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One of the most cogent observations that Rush Limbaugh ever made is the axiom that “most people believe history began the day they were born.” As a nation, we have become more and more historically illiterate. The native-born voters that will be eligible to go to the polls for the first time ever this fall will be the first born in the 2000s and the 2020 election will see the ascension of the 21st-century voter. These people will vote with little understanding of their country’s history beyond the idea that it was racist, misogynistic and a backwater of religious nuttery.
With George W. Bush having left office when they were 8- to 10-years old, they will have little practical first-hand knowledge of any president other than Mssrs. Obama and Trump. They will never personally know a combatant of the two World Wars. For them, real fascism will be what the radical left tells them it is. They will never know anyone, as I did in my youth, with an inventory number tattooed on their forearm, a “souvenir” of days in one of Hitler’s death camps.
Some won’t even have touched the 20th Century let alone understand it. Or any of the previous centuries that brought us to this moment in time.
And with their reliance on the electronic record, a non-permanent and easily changeable source, we will inch closer to the days of Orwell’s nightmare vision of The Ministry of Truth. History will be bent to serve whatever purpose the present requires. As a case in point take the new edition of The New Yorker.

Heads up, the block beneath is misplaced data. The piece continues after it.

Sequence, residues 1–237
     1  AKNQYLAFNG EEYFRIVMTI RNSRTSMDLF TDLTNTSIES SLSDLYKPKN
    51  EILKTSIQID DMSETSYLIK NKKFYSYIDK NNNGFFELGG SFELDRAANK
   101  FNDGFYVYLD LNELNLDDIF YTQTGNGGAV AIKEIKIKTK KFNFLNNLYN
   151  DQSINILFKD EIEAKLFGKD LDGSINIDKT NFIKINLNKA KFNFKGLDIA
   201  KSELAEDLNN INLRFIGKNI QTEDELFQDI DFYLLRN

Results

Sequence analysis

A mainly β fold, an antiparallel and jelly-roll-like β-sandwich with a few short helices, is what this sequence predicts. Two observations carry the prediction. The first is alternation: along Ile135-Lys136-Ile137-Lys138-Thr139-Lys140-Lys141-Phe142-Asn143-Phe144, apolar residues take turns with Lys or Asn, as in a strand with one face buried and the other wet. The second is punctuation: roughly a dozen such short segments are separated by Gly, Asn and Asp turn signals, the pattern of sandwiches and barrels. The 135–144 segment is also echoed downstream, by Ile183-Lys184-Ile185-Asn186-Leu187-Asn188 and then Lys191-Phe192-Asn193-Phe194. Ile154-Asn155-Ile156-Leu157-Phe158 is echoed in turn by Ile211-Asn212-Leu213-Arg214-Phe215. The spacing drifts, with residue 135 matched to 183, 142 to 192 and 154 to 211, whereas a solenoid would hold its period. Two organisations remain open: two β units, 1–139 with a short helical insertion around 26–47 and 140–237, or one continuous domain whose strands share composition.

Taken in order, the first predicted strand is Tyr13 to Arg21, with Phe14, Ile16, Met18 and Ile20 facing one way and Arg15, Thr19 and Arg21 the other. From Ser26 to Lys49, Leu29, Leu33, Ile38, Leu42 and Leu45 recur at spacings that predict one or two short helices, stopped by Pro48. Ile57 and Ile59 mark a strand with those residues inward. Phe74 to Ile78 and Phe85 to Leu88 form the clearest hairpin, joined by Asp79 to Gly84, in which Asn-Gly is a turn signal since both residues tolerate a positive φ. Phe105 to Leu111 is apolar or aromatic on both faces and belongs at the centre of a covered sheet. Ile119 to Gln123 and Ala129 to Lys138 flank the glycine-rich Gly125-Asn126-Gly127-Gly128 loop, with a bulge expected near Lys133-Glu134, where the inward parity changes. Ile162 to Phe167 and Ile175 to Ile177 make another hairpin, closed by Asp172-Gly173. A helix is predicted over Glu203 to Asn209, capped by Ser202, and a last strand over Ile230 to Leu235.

Its cover depicts Dr. Martin Luther King kneeling in protest with Michael Bennett and Colin Kaepernick. The work is by San Francisco artist Mark Ulriksen who asked, “…what would King be doing if he were around today?”
To me, talking for the dead in the context of modern politics is the worst kind of history. King was a Southern man of great Christian faith and much of modern progressive politics is opposed to that kind of thinking. It’s dicey enough for members of the King family to make that projection, how about a West Coast white man like Ulriksen who was all of 11 when Dr. King lost his life?
I don’t even like it when legions of conservatives claim that they can speak for Ronald Reagan.
Kareem Abdul-Jabbar decided to speak for Muhammad Ali this past fall when writing about Kaepernick in Sports Illustrated. “Colin Kaepernick is a selfless warrior for social justice,” wrote the former NBA star, “and Muhammad Ali would be proud.”
Jabbar is 70 and should know better. No matter how well he may have known Ali he doesn’t get to speak for the dead, either. Although I will admit that that’s the least of his sins since his definition of a “selfless warrior” is not exactly in alignment with mine. Many of the real selfless warriors I know don’t have a knee to get down on.
It’s just going to get worse. The younger crowd of modern journalists can’t even seem to recognize living folks that they would ordinarily lionize. During the red carpet walk before Sunday’s Golden Globes telecast, The New York Times tweeted out a picture of television producer Norman Lear “and guest.” The “and guest” was Rita Moreno, one of the few EGOTs of show business running around. For the uninitiated, an EGOT is a winner of an Emmy, Grammy, Oscar, and Tony. It’s not like she is some unaccomplished schlub that just walked in off the street.
Now if you’ll excuse me I have to go yell at the clouds in the sky and the kids gathered on my front lawn.